All right!  So now we are living out in country, what next?  Actually, first thing I should define is “country.”  We are about 20 miles east of Salem, just off of the main highway heading that direction.  Our place is at the edge of a rural neighborhood, so we do have neighbors but they are now hundreds of feet away instead of what felt like inches before.  Are there some inconveniences being out of the city?  Sure, but they seem pretty minor with the other positives we have gained.  Oddly enough, I only have a two-minute drive to get to a decent hardware store.  It took much longer than that in the city!

OK, now back to the “what next” part.  It would be at least a couple of years before we could build our dream house.  There were financial considerations to take care of and doing the actual house planning.  Meanwhile there is property development to take care of.  I purchased a tractor with an assortment of implements to groom the land.  Over the next couple of years the overgrown areas were cleaned up, and some trees came down to make room for a flying circle.  Some miscellaneous repairs and construction around the barn area also kept me busy.  My modeling activities have been slightly curtailed what with not having a decent (and heated) shop, and other priorities jumping up from time to time.  So, not as many contests going on in my schedule as before, plus very little in the way of new plane construction.

Photo: The Bi-Slob passes the old house, scheduled for demolition when Zoot Shop building with living quarters attached is completed.

A couple of years roll by and we start the process of designing the house with a builder.  After a few months we have a set of plans that we like and so we start the ball rolling with financing and permitting.  It turns out that our house will cost a bit more than originally planned for so now we have the heartbreak of a delay.  No problemo sez we, will just wait another year while putting away more money for the project.  Next year comes and we get shot down again, but this time because all of the rules and conditions had changed.  This was after the Big Crash of the economy, and nobody was lending money for new construction, least of all for log homes.  So it’s back to the drawing board, kind of.

Over the next couple of years while the banks and the economy are in flux, we explore some options.  We first look at a different house style with another builder, and that doesn’t work out either.  But eventually all the planets line up with a solution.

I have a brother who was willing to take on our house project, and would do so at less cost than some other contractor off of the street.  We reworked the house plans to a conventional stick-built construction method, but with plenty of country-style design features incorporated.  With my (free) labor also figured into the project it looked like things would finally pencil out.  The banking industry was still very tight on giving out construction loans, but this time we prevailed and it was game on!   Work started in May of 2011 with a projected completion date of “who knows?” (Latest estimate puts completion at midsummer 2012.)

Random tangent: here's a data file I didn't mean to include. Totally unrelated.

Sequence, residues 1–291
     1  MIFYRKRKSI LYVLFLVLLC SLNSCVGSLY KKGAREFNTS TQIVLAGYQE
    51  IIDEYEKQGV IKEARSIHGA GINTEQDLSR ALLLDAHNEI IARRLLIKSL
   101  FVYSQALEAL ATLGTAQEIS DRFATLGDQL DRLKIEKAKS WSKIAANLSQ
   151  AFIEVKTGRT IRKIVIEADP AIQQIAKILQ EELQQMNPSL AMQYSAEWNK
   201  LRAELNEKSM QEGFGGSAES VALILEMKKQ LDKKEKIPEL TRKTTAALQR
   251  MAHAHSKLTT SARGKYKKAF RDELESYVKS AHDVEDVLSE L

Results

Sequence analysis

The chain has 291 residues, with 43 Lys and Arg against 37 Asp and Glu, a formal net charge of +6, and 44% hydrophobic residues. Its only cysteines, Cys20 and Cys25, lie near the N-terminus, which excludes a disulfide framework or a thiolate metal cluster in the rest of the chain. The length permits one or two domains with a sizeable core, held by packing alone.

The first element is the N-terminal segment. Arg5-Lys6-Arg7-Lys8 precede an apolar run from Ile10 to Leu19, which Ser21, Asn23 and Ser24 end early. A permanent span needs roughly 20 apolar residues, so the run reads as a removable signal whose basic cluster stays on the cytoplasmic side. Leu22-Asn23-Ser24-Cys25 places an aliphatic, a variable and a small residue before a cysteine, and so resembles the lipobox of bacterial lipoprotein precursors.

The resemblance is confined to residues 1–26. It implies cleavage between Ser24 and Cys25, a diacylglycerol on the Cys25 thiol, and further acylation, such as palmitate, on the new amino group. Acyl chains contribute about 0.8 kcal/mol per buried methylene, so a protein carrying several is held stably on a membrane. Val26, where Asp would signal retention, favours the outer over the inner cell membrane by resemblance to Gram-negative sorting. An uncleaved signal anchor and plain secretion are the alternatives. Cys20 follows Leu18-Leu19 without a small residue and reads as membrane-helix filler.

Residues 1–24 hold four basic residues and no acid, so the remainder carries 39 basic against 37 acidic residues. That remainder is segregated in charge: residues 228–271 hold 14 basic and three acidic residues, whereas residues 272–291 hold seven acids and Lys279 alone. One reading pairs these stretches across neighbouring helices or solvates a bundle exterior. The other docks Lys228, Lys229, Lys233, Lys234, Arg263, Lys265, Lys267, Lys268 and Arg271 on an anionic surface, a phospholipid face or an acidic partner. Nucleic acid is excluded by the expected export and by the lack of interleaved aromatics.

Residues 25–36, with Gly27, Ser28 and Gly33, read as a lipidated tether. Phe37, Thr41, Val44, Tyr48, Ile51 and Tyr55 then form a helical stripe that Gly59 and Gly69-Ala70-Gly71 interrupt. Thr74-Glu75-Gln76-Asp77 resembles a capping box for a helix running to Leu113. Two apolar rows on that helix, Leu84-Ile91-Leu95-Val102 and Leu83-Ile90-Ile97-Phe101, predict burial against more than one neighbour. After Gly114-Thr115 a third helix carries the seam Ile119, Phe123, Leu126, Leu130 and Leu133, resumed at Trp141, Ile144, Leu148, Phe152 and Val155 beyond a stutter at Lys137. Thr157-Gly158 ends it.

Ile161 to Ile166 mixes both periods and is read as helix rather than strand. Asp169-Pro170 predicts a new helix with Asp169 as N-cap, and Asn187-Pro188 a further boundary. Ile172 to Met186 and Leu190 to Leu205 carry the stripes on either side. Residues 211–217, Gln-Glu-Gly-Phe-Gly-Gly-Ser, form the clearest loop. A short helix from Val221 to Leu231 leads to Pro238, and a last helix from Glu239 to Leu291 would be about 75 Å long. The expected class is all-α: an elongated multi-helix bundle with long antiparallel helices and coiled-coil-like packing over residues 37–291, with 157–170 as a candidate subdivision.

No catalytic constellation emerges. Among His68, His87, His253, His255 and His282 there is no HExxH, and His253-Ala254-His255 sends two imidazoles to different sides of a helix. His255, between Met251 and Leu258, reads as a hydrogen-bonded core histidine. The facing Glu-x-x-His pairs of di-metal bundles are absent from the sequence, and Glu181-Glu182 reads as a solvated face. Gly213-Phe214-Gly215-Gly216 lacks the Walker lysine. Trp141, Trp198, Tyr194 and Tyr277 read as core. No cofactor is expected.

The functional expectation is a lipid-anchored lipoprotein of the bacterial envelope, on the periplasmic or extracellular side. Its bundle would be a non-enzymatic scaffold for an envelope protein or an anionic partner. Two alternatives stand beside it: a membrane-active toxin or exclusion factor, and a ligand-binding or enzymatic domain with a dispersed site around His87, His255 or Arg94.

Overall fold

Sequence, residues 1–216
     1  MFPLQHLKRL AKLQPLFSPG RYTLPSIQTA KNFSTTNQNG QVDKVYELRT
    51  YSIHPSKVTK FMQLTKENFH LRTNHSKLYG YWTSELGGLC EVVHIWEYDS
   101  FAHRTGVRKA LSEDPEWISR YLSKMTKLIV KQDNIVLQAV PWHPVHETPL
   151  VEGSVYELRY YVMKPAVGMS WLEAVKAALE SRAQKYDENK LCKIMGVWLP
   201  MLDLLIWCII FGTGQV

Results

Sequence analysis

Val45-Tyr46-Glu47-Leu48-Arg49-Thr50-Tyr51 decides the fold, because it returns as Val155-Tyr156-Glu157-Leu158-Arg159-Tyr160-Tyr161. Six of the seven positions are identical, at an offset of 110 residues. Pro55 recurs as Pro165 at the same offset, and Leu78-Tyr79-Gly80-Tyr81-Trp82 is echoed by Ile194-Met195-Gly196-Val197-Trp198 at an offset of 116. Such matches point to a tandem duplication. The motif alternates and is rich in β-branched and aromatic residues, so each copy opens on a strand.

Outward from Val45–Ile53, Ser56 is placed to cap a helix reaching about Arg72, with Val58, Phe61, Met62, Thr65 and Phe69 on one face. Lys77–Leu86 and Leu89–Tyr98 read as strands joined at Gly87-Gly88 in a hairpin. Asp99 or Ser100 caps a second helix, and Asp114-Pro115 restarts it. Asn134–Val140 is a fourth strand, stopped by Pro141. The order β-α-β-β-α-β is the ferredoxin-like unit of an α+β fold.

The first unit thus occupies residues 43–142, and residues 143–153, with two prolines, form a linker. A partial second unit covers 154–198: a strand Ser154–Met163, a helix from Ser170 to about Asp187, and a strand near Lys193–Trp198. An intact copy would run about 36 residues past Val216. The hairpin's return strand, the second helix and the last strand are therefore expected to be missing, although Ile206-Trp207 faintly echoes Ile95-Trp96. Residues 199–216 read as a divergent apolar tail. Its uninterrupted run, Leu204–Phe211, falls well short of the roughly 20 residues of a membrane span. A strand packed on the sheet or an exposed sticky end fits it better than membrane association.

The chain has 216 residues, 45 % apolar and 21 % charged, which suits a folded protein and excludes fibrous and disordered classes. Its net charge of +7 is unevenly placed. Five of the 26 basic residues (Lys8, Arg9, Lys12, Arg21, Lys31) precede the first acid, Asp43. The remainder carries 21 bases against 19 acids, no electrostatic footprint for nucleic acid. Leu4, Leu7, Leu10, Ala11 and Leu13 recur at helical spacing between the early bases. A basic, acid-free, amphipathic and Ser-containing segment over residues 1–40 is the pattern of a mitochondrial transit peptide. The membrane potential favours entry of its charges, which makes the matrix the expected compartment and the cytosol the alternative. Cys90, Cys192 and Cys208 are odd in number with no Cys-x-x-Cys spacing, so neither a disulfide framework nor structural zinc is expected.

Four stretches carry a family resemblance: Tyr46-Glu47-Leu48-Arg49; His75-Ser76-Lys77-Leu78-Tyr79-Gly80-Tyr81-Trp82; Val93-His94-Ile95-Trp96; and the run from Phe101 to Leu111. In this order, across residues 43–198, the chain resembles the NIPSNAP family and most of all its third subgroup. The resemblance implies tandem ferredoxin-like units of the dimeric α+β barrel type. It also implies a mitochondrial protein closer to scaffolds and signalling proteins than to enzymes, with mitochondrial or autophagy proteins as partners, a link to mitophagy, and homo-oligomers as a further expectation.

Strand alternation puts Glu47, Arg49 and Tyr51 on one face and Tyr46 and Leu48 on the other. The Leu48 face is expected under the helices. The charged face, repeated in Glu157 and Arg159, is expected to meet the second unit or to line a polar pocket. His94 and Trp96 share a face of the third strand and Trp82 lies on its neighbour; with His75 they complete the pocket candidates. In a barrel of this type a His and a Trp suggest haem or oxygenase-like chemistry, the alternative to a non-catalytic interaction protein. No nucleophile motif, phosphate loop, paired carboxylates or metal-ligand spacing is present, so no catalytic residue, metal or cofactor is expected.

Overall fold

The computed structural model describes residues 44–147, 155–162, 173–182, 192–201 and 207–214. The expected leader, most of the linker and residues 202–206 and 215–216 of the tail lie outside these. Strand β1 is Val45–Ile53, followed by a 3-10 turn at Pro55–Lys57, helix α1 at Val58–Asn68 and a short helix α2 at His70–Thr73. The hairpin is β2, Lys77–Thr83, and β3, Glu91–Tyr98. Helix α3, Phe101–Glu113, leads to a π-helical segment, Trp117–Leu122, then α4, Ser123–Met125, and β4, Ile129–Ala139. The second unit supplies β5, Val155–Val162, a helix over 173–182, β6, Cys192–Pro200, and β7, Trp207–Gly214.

It’s been a quite a journey with several hundred of labor hours put in, but it will be all worth it when completed.  I will also (finally) have my dream shop with plenty of creature comforts to be enjoyed year-round.  And I am sure it will be well used year round, as several planes have been added to the “must-build” list over the last few years.

As of the date of this writing (June 2012), most of the exterior work is complete except for the painting and completing the decks and entryway.  We are now well into the interior work, currently doing painting, staining, and trim work. Work on the flooring will be coming soon, as will masonry work around the fireplace.  And of course there are always lots of other miscellaneous details such as finish work on plumbing and electrical.

The weather has recently turned the corner for the better so will be getting into some more dirt moving to complete the backfill.  And after that will also come some landscaping, and while not technically part of the house project, hopefully I can squeeze in my flying circle upgrade this season.

We are really looking forward to our move-in later this summer.  Don’t believe that I mentioned this earlier, but the move from the old house to the new one will be about a two-hundred foot trip. It’s going to be great to unpack things that have been boxed up since our move out here. Oh, and what about the old house?  This will be a fun part of the project -- we get to tear it down!  I suspect that phase will be much faster!  Will check in again with a progress report.  Well, I have rambled on long enough for now, I trust this was plenty of story for a “nutshell.”

        -- Zoot Zoomer

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This page was upated June 6, 2012